There’s no question that Americans love their furry friends.
Recent research says that there are 94.2 million cats and 89.7 million dogs in the United States. Pets with gills, scales or feathers are also popular.
Why do people build such strong relationships with animals? That’s a question some sociologists are trying to answer.
Sociologist Nickie Charles wrote in 2014 that pets are overlooked when researching groups and families. And yet, the relationship between humans and their pets are part of everyday life, according to the abstract.
Charles found in her study that 88% of pet owners consider their animals to be part of the family, according to an article in Pacific Standard magazine.
But not everyone thinks of pets that way. Cultural factors may be at play, according to a New York Times article. While doing research on pet ownership for a PhD. in sociology at the University of Chicago, Elizabeth Terrien found diverse descriptions for pets:
- People living in affluent areas – “child,” “companion,” “little friend”
- Neighborhoods with immigrant communities – “protector” and “toy for the children”
Which Came First: Dogs or Cats?
Sociologists and other researchers are trying to learn at which point wild animals became domesticated.
- Domestication of dogs may have begun more 10,000 years ago. The first dogs were essentially “tame wolves” that would approach humans, Slate points out. Over time, people started breeding dogs to hunt, herd, guard, carry things – and “to be more adorable.”
- Cats held a special place in ancient Egyptian society. National Geographic says wealthy families dressed their cats in jewelry and had them mummified when they died. Bastet, the Egyptian goddess of protection, was associated with cats.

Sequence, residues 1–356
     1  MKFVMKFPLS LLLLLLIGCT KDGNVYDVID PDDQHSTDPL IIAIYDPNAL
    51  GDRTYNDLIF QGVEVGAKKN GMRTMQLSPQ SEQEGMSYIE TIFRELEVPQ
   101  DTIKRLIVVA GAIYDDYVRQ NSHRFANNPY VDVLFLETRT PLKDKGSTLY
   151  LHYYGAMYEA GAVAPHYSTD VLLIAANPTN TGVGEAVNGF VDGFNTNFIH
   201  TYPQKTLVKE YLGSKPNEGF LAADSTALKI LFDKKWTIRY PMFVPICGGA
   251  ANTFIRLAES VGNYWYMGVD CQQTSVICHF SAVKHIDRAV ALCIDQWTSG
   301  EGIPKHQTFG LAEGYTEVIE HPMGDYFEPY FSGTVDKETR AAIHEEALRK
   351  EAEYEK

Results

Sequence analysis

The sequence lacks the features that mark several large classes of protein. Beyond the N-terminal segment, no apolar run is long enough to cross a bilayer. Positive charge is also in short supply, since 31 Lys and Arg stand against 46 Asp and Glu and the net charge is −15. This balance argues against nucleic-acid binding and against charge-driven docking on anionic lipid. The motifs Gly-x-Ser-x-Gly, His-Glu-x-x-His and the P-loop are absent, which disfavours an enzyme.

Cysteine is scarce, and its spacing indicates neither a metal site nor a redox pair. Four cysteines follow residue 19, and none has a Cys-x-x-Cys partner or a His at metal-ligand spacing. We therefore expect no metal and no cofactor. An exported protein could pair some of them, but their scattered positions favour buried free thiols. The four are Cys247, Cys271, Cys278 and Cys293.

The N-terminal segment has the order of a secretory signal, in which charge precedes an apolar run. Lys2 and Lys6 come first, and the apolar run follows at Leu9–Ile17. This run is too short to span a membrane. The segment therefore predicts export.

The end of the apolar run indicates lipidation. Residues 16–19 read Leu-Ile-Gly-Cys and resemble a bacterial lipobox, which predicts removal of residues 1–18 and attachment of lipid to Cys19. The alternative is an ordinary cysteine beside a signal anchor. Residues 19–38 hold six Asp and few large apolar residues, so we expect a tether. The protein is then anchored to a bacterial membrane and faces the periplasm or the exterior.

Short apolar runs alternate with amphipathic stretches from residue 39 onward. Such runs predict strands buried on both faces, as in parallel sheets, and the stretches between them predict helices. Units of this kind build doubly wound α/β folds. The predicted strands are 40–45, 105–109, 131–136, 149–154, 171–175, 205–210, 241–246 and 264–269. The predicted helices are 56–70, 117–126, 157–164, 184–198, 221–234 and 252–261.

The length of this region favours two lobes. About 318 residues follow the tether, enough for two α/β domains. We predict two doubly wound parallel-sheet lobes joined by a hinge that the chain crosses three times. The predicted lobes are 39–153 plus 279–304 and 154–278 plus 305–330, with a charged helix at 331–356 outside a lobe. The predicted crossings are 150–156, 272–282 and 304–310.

Pets as Social Connectors
People embrace pets because they provide companionship, affection, friendship and unconditional love. They also can encourage strong bonds among people.
Alternative medicine proponent Andrew Weil explains the social benefits of pet ownership on his blog. Pet owners are less likely to feel lonely, may be more compatible with other humans and have more opportunities to interact with others.
Pets can serve as a “social lubricant” in that they make it easy for people to get to know each other. A study in PLOS One found that pet owners were likely to get to know their neighbors. Their pets helped break the ice.
Sociologists and other scientists have yet to determine conclusively why humans and pets make good companions. In an interview with the Washington Post, researcher Clive Wynne suggests that future experiments might involve brain scans of humans while they interact with dogs and cats.
The social connections pets inspire may be good for people’s health, according to the Harvard Health Blog. A study found that people with strong social connections tend to live longer that those who don’t. The study also suggested that owning a pet encourages people to socialize.
Additional health benefits from pets:
- Lower blood pressure and heart problems – Dog owners need to walk their pets, which is a source of daily exercise.
- Lower stress – Spending time with a pet reduces levels of a hormone associated with stress, according to WebMD.